Cannabis Flower 101


“Flower” is a general term that refers to the smokable, trichome-covered part of a female cannabis plant. Flower is the most popular form of cannabis due to its versatility, offering numerous consumption methods, such as being smoked using a pipe or bong, or by rolling it in a joint or blunt.

Cannabis Flower Example



Cannabis comes in many different varieties and with each variety come a multitude of effects and benefits but It can feel a bit overwhelming when choosing your flower for the first time. Should you try Indica? Sativa?  Understanding the differences and how cannabis strains can benefit you is easy once you learn the basic differences.


Cannabis Flower Types

Cannabis Indica. Indica plants are usually smaller and bushier than Sativa plants and contain significant levels of cannabinoids. The “high” produced has been described as an enjoyable body sensation. Indica strains can be rather sedative (relaxing) in nature and thus they are effective in treating the symptoms of medical

Cannabis Sativa. Sativa pants are often tall with long and thin leaves and contain significant levels of THC and produce a “high” that is uplifting. Sativa strains can be rather stimulating and thus are often effective in relieving the pain, depression, migraines, and nausea associated with various medical conditions. Due to the alertness and optimism Sativa can produce, many patients prefer to medicate with this type of cannabis during the day.

Hybrids. If neither strain fits your specific needs, a hybrid or cross-breed might be just what the doctor ordered. Hybrids combine specific characteristics from both parent strains in an attempt to produce the perfect blend of traits such as mental clarity and sedative capacity for use in a variety of medical and spiritual practices.


There are, in fact, nearly 500 different compounds found in cannabis and this makes it difficult to highlight exactly which of these offers benefit to the user. However, a number of research projects and studies have taken place to help identify the compounds and their effects on the body.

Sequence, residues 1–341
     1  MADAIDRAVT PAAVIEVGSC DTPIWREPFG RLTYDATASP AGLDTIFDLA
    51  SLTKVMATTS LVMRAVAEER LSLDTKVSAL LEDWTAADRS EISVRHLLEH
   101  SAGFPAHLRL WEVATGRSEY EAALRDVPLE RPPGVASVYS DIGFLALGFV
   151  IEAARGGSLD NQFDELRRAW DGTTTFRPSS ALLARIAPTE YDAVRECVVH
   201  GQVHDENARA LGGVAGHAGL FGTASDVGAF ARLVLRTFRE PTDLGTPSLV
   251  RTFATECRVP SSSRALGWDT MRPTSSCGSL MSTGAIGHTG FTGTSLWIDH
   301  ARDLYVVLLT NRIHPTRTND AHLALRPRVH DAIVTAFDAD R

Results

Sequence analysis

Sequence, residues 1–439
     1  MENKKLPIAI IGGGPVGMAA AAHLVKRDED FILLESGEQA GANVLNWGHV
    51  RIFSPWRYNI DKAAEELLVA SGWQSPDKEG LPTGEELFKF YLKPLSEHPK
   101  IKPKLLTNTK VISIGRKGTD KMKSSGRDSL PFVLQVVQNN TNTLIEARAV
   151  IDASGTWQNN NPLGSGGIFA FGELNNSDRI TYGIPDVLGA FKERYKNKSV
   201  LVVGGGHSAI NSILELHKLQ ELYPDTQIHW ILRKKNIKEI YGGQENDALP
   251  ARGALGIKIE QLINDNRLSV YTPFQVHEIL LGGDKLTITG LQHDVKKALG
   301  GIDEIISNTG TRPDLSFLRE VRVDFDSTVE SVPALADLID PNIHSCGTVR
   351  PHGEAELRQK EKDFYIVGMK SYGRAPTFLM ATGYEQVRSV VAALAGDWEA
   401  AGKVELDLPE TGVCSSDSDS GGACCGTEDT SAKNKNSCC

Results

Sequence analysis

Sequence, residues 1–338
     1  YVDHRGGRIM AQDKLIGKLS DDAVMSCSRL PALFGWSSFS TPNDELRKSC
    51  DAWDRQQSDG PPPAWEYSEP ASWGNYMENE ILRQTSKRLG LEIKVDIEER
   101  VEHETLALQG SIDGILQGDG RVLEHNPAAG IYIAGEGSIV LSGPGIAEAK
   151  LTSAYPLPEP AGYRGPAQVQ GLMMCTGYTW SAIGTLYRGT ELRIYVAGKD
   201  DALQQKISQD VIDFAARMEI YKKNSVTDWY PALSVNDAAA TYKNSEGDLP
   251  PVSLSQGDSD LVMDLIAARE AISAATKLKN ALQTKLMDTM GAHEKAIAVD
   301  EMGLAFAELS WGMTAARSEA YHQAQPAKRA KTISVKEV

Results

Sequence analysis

THC. Tetrahydrocannabinol (THC) is the component that gives cannabis its psychoactive effects. It has analgesic properties so is beneficial as a form of pain relief and it is also believed to contain antioxidants. These fight free radicals in the body and can help to prevent a number of illnesses and diseases. It is this compound that leads to memory problems while the user is intoxicated, but that also helps to induce sleepiness.

CBD. Cannabidiol (CBD) is a highly regarded element in medical marijuana. Not only does it inhibit the production of cancer cells in the body, but it relieves a wide range of symptoms. It can treat nausea, vomiting, convulsion, inflammation, cough and congestion. Strains that are high in CBD can prove effective for sufferers of MS, anxiety attacks, and even Tourettes. This component is not psychoactive.

B-CARYOPHYLLENE. B-Caryophyllene is a CB2 activator and it is CB2 that reduces inflammation in the human body. This element works in conjunction with the other elements found in cannabis to help reduce inflammation which, in turn, can also help to minimize pain and bring relief from other symptoms.

CANNABIGEROL. Cannabigerol is especially beneficial to glaucoma sufferers. This component relieves intraocular pressure, which is the primary aim of glaucoma treatment.


Cannabis Flower Essentials, Quality